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ISLAMABAD: The International Monetary Fund (IMF) has reset three delayed structural benchmarks (SBs), dropped two, and set six new including the preparation of draft Personal Income Tax (PIT) legislation for ongoing reforms under the Extended Fund Facility (EFF) programme.

The IMF in its report titled article IV consultation, sixth review under the extended arrangement under the extended fund facility, and requests for waivers of applicability and nonobservance of performance criteria and rephasing of access noted that the Fund has reset three delayed SBs, dropped two SBs, and set six new SBs on critical next steps for already ongoing reforms.

The new SBs include: (i) preparation of draft personal income tax (PIT) legislation (end-February 2022); (ii) preparation of a plan by the Ministry of Finance and State Bank of Pakistan, in consultation with other stakeholders, to establish an appropriate Development Finance Institution to support the eventual phasing out of SBP refinance facilities (end-April 2022); (iii) completion of the first stage recapitalization of the two private sector banks that are undercapitalized (end-May 2022); (iv) cabinet decision on the second step of the energy subsidy reform for residential consumers (end-Jan 2022); (v) parliamentary approval of new SOE law in line with staff recommendations (end-Jun 2022); and (vi) issuance of regulations by the Public Procurement Regulatory Authority to require collection for publication of beneficial ownership information from companies which are awarded public procurement contracts for Rs 50 million and above.

New PCs for end-December 2021, end-March 2022, and end-June 2022 will support fiscal deficit reduction, limit public debt built-up through public guarantees, contain inflationary pressures through a deceleration of base money growth and a cap on government borrowing from the SBP, and support adequate reserve coverage. Three additional adjusters are proposed for the accommodation of: (i) expenditures on Covid-19 vaccines, which affect the PCs on NIR and the general government primary budget deficit; (ii) allowing part of the SDR allocation to be used for budget support, which affects the PC on net government budgetary borrowing from the SBP; and (iii) changes in the average cash reserve ratio, which affects the PC on NDA.

The report noted that since the April 2021 reviews, program implementation has been uneven: fiscal policy became increasingly expansionary and several key EFF commitments were reversed.

Experts weigh in after IMF programme revival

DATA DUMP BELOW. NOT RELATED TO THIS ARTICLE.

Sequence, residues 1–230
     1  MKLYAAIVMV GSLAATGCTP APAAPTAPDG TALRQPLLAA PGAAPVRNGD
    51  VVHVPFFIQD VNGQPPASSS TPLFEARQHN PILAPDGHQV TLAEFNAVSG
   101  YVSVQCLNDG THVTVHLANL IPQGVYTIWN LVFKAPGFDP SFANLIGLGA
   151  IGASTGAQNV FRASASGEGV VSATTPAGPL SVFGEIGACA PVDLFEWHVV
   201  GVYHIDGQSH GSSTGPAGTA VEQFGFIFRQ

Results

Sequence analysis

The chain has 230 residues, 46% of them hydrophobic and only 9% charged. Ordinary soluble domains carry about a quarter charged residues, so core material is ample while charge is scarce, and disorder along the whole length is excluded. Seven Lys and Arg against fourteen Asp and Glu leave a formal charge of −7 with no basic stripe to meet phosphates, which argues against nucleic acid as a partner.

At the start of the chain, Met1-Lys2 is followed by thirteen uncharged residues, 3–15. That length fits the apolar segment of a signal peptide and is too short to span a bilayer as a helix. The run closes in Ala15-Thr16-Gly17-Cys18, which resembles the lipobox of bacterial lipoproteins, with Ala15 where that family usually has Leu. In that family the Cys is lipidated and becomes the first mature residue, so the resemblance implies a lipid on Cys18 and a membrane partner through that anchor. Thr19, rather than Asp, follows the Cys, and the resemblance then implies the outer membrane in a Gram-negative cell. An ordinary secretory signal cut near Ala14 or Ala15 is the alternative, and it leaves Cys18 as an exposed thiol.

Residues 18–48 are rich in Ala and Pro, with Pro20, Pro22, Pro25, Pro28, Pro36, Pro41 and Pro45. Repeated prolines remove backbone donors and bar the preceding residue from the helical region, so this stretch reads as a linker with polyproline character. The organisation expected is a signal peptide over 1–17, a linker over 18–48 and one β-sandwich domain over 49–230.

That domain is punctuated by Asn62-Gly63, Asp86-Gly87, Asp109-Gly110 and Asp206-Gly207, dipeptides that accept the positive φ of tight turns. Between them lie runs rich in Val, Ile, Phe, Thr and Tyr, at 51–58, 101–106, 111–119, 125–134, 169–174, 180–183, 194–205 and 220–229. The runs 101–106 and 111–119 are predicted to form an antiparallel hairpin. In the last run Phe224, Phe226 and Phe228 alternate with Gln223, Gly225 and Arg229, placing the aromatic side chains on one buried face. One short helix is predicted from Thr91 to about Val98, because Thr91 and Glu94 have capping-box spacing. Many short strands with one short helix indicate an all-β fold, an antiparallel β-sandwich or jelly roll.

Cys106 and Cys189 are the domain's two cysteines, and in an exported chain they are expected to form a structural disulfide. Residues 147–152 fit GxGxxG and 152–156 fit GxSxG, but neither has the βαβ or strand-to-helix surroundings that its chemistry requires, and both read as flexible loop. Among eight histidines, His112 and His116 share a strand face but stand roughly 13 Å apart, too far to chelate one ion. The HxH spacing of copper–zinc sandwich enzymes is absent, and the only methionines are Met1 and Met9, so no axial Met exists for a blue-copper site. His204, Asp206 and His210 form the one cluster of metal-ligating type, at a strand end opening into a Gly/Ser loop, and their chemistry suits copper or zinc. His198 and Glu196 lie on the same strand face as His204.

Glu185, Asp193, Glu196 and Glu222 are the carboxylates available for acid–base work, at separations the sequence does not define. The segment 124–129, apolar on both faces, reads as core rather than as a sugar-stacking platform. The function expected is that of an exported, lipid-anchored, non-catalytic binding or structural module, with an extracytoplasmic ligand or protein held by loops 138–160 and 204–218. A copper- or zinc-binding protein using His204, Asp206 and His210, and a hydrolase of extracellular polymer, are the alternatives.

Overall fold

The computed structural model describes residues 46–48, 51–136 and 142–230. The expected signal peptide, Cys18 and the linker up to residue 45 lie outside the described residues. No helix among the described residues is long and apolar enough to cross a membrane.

The end-June performance criterion (PC) on the general government primary budget deficit and three continuous PCs on the non-intensification of exchange restrictions, non-modification of multiple currency practices (MCP), and zero new flow of SBP credit to the government were missed. Moreover, several structural benchmarks (SBs) were not met. More recently, however, the authorities have taken decisive action to bring the EFF back on track, including through a supplementary budget (to lock in key tax reforms), tighter monetary policy, and electricity tariff adjustments. In addition, they plan to pass amendments to the central bank act to consolidate its operational independence.

Four out of six Indicative Targets (Its) were observed at the end-June 2021: budgetary health and education spending, net FBR tax revenues, the net accumulation of tax refund arrears, and the flow of new power sector payment arrears. However, two ITs fell short: (i) the targeted cash transfer spending (BISP) by a small margin because of the reallocation of some spending (Rs 5billion) to a different government authority (ie, the Pakistan Poverty Alleviation and Social Safety Fund); and (ii) the gross issuance of longer-term debt instruments (ie, PIBs, Sukuks, and Eurobonds) mainly because of low investor appetite for longer-term instruments and bottlenecks in the issuance of Sukuks.

The report noted that the authorities met one SB on time and implemented five SBs with delay. Specifically, the authorities made the Treasury Single Account (TSA-1) operational in September (end-May 2021 SB) and finalized the update of the National Socio-Economic Registry (NSER) in October (end-June 2021 SB).

They also reduced CPPA-G payables to independent power producers (IPPs) in June (end-May 2021 SB) and increased tariffs toward cost recovery through the notification of the fiscal year 2021 annual rebasing on November 5 (June 1, 2021 SB) and all pending adjustments up to fiscal year 2021-Q3, including the one for fiscal year 2020-Q4 effective on October 1 (end-September 2021 SB). While the authorities did not grant further tax amnesties (continuous SB), they granted new preferential tax treatments (continuous SB), most of which will be reversed through the upcoming supplementary finance bill.

Another two SBs—publishing key information on all Covid-related awarded procurement contracts (end-April 2021 SB) and an ex-post audit of the procurement of Covid-related medical supplies (end-April 2021 SB)—will be implemented through two of the five prior actions (PAs) for the sixth review. Three outstanding SBs, some of which saw significant progress but faced capacity constraints, will be reset, whereas two missed SBs will be dropped without corrective action: (i) the audit of the Utility Stores Corporation (end-April 2021 SB) as crucial information inputs for an audit assessment were not recorded at the end-fiscal year 2020; and (ii) the track-and-trace system for tobacco products (end-June 2021 SB) as capacity constraints make a full reintroduction unlikely within the remaining program period.

Copyright Business Recorder, 2022


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